Statewide NewsTexas Teachers’ Pension System Votes for Pro-Choice Group’s Proposal at Shareholder Meeting

The proposal from a left-wing nonprofit asked Lowe's to evaluate costs they incur due to state restrictions on abortion.
June 1, 2022
Texas’ largest pension system voted in favor of a proposal put forward by a pro-abortion non-profit to evaluate the costs of state abortion restrictions and lay out strategies to counteract them.

The Teachers Retirement System (TRS) supported the proposal offered at the Lowe’s annual meeting of shareholders by the Educational Foundation of America (EFA), an organization whose mission is to “advance[e] progressive change through support for creative initiatives working toward sustainability, justice, and equity.”

At these corporate meetings, company shareholders who meet certain criteria may present proposals to the voting body. The company board evaluates each proposal and recommends either approval or rejection of the item.

This specific item read:

“RESOLVED: Shareholders request that Lowe’s issue a public report prior to December 31, 2022, omitting confidential and privileged information and at a reasonable expense, detailing any known and any potential risks and costs to the Company caused by enacted or proposed state policies severely restricting reproductive health care, and detailing any strategies beyond litigation and legal compliance that the Company may deploy to minimize or mitigate these risks.”

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The item’s proposal came after a leaked U.S. Supreme Court draft opinion showed enough support on the body to overturn the legal precedents of Roe v. Wade and Planned Parenthood v. Casey.

In supporting its item, EFA wrote, “Should Roe v. Wade be weakened or overturned as is widely anticipated, many Lowe’s employees will face challenges accessing abortion care and other sexual and reproductive health care.”

After naming Texas’ Senate Bill 8, the Texas Heartbeat Act, EFA adds, “In its discretion, the board’s analysis may include any effects on employee hiring, retention, and productivity, and decisions regarding closure or expansion of operations in states proposing or enacting restrictive laws and strategies such as any public policy advocacy by the company, related political contributions policies, and human resources or educational strategies.”

In opposition, the company’s board said it would be too difficult to compile a collection of costs related to the patchwork of abortion laws across the 50 states.

The result of that vote has yet to be disclosed by Lowe’s.

Officials from TRS did not reply to an inquiry about the situation by the time of publishing.

TRS has nearly 1.7 million members across the state and has amassed $50.6 billion in unfunded liabilities — money promised to beneficiaries but unaccounted for at current funding levels.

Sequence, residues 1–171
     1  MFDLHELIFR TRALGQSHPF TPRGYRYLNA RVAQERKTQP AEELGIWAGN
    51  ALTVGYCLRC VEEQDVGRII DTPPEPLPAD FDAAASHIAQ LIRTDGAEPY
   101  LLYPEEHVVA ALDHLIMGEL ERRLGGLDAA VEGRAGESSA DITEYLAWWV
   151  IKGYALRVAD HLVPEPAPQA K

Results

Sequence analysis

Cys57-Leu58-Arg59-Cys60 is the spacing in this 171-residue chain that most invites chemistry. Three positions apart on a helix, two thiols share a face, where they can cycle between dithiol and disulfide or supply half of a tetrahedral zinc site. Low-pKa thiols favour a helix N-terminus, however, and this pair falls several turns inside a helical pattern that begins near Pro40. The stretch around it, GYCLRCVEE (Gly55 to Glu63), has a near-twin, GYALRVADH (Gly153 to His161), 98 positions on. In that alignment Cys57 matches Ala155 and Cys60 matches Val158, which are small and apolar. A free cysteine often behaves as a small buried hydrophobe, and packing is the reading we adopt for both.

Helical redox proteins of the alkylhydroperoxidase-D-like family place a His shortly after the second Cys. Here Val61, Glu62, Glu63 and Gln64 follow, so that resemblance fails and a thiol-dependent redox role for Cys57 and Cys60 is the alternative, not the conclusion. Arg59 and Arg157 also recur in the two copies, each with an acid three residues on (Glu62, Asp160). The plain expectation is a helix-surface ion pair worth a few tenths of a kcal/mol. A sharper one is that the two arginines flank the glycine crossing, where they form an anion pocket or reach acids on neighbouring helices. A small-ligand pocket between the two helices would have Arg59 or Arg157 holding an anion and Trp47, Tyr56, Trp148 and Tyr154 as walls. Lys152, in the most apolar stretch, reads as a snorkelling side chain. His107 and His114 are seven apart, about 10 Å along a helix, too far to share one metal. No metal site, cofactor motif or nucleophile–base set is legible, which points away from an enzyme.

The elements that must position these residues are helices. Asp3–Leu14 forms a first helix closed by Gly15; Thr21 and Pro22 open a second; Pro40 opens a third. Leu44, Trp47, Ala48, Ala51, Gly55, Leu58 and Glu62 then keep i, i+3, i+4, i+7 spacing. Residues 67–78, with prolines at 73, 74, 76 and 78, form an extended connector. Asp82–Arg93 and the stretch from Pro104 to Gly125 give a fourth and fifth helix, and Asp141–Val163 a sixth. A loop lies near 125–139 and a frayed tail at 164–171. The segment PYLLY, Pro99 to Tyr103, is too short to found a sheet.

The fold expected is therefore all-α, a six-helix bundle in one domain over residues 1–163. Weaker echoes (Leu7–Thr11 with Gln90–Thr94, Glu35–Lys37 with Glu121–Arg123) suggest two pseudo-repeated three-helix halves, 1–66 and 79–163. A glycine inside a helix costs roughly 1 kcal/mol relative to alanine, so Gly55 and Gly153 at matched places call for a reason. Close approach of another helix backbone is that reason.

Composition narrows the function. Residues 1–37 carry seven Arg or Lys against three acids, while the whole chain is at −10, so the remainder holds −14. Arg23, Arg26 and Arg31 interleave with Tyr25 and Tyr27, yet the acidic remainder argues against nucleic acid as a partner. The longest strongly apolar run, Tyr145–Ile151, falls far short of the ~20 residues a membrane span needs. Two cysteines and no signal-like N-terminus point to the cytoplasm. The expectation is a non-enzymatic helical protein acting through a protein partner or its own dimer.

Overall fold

A similar incident occurred last month with the state’s second-largest pension fund, the Employee Retirement System (ERS), when the organization voted by proxy for four proposals at different banks aimed at prohibiting financing to fossil fuel companies. Each item failed and ERS officials said it stemmed from an error with their proxy advisor, Institutional Shareholder Services — but not before drawing the ire of Lt. Governor Dan Patrick and some other state legislators.

Both sets of proposals are part of the Environmental, Social, and Governance (ESG) movement picking up steam in corporate boardrooms across the nation. ESG is a political movement intended to buttress causes like environmentalism and progressive social policies. The Lowe’s proposal falls under the “social” category, which includes other items such as racial- and gender-focused proposals.

Last year, the Texas legislature passed SB 13 which tasked the comptroller with pulling state pension money from companies who push “fossil fuel boycotting” policies. The initial process of narrowing down a list of these SB 13-offending companies is currently underway and expected to be completed by the fall.

There is likely to be a push next session to expand that relatively narrow scope to other issues and political causes, including a potential prohibition on banks refusing to issue loans to fossil fuel companies.


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Brad Johnson

Brad Johnson is a senior reporter for The Texan and an Ohio native who graduated from the University of Cincinnati in 2017. He is an avid sports fan who most enjoys watching his favorite teams continue their title drought throughout his cognizant lifetime. In his free time, you may find Brad quoting Monty Python productions and trying to calculate the airspeed velocity of an unladen swallow.

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